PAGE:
Reading the Room
This is a short article on how to involve everyone on the governing board in virtual meetings.
Let's think about how you hold your governing board meetings at the moment. how you answer this depends on when you're reading this article! Are your board meetings;
If you are considering continuing with virtual meetings here are some tips to think about doing sure that everybody round the table is fully and actively involved.
Camera on or camera off?
Some Chairs like to be able to see everybody around the virtual table whilst others don't mind if cameras are off. Think about what the norm on your board is? If everybody is routinely ‘camera off’ how do you know that everybody is listening? How do you know that your meetings remain confidential and secure? How do you know that you're meeting is still quorate - after all people could be camera off and not in the room?
Listen to everyone
If you are the Chair how do you actively hear from every governor - do you individually ask them questions? Do you ask each individual governor for their opinion? When you reflect back are there some governors who have never spoken at all or shared an opinion? Are these the same people who didn't participate before we went virtual? Do you have governors who don't feel very confident about sharing their opinions? One successful strategy which can be easily employed is to ask governors to submit the questions in advance. Make sure your clerk has copies! Give everyone equal time to speak – that way the quieter governors perhaps won’t feel so overwhelmed.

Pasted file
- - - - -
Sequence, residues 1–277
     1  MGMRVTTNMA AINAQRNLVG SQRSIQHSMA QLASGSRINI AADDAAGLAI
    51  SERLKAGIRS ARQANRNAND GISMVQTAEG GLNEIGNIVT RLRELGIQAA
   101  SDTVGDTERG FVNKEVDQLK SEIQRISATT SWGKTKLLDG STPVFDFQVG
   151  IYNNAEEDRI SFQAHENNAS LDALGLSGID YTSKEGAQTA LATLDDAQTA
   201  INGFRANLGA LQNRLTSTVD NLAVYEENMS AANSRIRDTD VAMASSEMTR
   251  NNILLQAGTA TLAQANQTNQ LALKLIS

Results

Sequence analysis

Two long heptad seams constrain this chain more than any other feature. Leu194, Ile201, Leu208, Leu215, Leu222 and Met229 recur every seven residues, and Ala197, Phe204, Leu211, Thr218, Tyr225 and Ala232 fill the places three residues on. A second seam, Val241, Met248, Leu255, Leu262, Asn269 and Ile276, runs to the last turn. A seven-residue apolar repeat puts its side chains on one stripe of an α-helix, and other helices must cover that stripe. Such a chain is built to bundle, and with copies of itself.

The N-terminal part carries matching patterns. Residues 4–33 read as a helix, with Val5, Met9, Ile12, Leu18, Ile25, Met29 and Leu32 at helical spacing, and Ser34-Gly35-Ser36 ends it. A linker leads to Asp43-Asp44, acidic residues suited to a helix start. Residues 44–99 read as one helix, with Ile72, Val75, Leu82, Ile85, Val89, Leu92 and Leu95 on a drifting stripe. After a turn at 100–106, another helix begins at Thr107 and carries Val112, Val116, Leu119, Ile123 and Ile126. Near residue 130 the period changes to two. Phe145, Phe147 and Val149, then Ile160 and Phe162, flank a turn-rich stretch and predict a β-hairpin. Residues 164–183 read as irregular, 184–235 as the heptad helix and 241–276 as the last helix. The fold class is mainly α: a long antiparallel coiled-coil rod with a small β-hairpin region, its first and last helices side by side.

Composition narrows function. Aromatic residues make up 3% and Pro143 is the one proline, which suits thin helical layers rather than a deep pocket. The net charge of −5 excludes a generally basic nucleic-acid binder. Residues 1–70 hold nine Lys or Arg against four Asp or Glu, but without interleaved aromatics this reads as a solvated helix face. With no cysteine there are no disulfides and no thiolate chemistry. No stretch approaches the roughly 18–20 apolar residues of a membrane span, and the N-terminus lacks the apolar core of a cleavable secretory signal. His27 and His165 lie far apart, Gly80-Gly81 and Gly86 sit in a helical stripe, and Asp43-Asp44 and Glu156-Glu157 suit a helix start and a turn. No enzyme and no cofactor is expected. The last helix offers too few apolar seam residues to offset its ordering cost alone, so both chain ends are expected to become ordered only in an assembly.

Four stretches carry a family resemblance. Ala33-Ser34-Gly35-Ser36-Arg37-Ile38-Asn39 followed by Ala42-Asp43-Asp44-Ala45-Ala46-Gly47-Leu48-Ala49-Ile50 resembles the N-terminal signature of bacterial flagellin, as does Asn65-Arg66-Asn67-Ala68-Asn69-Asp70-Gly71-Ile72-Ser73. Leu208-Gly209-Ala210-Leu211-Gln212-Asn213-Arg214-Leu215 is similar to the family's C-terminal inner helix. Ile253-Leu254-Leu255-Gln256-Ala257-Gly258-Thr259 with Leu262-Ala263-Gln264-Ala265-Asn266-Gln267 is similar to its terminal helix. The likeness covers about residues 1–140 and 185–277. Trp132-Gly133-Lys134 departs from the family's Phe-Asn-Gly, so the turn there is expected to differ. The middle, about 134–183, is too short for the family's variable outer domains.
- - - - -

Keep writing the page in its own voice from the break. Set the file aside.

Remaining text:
To chat or not to chat?
The chat box is a really useful function but shouldn't be used to hold conversations instead of asking them in the meeting, especially for example if one governor is directly messaging the Headteacher or Chair. This is a bit like talking at the back of the class! If you routinely use the chat function, when the messages should form part of the meeting minutes the clerk should have full access…
Meetings should be engaging and interesting
– that way people feel involved. Whilst not everyone enjoys finance meetings making sure the information is easy to understand is a great way to keep everyone engaged.
Watch this space
Do you have governors who in a virtual meeting look like they are not paying attention? There may be many reasons for this - it could be taking notes, they could be looking something up to help them, they could have lost their internet connection or they could be struggling to follow the conversation. It is really good idea for the Chair to stop the meeting occasionally and do a spot of perception testing - asking if there are any additional questions, checking everybody can keep up, checking all the papers for the upcoming items have been read etc.
Are you sitting comfortably?
A good Chair will check that everyone is, metaphorically speaking, sitting comfortably before the meeting begins and that everybody has internet connection, can they can hear everybody else for example? Do you think that because we are meeting virtually meeting engagement has increased? Anecdotally speaking this seems to be the case.
All of the above points are good meeting etiquette, but it is really important that we make sure that we have the room with us at all times. Perhaps now is a good time to double check our virtual meeting protocols – do they need refreshing? Have they worked in the way we intended them to? Does every governor feel that they have been given every chance to participate fully?
And finally, remember ‘be kind’; there may be some very genuine reasons why governors are not fully engaged; and it is our responsibility to look after each other.
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